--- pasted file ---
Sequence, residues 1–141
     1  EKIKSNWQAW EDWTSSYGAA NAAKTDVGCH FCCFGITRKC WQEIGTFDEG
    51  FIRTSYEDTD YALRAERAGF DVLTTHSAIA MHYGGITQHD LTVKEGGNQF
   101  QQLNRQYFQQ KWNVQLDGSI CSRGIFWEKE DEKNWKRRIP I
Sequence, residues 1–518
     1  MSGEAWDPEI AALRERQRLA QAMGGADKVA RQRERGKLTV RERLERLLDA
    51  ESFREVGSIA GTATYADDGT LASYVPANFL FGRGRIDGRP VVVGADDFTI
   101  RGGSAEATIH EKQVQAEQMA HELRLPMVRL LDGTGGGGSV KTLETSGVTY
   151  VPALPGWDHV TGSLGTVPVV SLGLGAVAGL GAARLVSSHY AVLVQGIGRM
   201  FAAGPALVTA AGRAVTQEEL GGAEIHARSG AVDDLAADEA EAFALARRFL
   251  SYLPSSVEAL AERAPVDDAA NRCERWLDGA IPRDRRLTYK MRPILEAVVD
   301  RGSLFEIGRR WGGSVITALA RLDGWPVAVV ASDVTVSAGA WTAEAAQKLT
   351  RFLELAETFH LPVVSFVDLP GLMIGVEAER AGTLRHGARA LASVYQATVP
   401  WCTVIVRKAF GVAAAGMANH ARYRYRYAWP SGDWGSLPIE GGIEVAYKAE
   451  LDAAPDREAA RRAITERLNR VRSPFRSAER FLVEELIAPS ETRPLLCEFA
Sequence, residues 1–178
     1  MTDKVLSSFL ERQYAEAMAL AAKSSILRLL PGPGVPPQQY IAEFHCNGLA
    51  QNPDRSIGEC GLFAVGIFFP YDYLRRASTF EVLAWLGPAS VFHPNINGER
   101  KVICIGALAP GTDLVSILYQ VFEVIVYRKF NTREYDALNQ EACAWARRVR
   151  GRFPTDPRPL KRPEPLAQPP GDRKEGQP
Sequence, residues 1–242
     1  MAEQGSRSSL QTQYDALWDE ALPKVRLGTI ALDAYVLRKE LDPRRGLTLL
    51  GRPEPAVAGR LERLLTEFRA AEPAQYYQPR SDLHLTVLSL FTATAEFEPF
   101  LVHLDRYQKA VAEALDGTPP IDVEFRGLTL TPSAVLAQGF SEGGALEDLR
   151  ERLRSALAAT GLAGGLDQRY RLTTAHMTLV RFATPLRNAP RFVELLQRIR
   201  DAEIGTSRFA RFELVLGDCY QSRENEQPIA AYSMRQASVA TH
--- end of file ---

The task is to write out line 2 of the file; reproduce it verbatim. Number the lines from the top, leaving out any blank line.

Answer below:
     1  EKIKSNWQAW EDWTSSYGAA NAAKTDVGCH FCCFGITRKC WQEIGTFDEG